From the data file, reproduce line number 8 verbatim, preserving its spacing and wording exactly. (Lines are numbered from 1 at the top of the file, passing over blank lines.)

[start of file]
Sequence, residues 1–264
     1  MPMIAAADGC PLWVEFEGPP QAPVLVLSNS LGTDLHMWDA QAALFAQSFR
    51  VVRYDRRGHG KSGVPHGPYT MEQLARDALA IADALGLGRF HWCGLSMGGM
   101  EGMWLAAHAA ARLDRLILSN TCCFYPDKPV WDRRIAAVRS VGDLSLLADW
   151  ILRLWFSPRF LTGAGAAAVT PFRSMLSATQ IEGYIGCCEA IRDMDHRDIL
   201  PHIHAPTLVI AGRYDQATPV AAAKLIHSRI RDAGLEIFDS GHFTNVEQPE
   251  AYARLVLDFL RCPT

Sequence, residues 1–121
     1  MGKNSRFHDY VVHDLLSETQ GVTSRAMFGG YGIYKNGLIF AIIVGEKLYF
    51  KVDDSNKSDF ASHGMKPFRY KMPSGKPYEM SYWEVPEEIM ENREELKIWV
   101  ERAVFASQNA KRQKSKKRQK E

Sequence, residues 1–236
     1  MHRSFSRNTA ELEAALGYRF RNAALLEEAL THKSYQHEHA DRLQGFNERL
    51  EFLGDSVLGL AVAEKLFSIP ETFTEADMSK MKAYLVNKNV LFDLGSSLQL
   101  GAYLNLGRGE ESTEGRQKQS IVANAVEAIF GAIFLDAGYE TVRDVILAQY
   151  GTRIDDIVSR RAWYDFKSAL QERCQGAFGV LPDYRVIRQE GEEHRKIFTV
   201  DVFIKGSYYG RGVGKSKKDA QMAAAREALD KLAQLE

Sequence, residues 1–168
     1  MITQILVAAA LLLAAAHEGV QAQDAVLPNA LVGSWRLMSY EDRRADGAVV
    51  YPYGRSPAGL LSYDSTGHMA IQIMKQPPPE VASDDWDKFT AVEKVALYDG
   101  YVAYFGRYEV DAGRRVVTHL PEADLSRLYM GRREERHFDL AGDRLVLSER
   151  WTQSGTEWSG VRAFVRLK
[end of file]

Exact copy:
Sequence, residues 1–121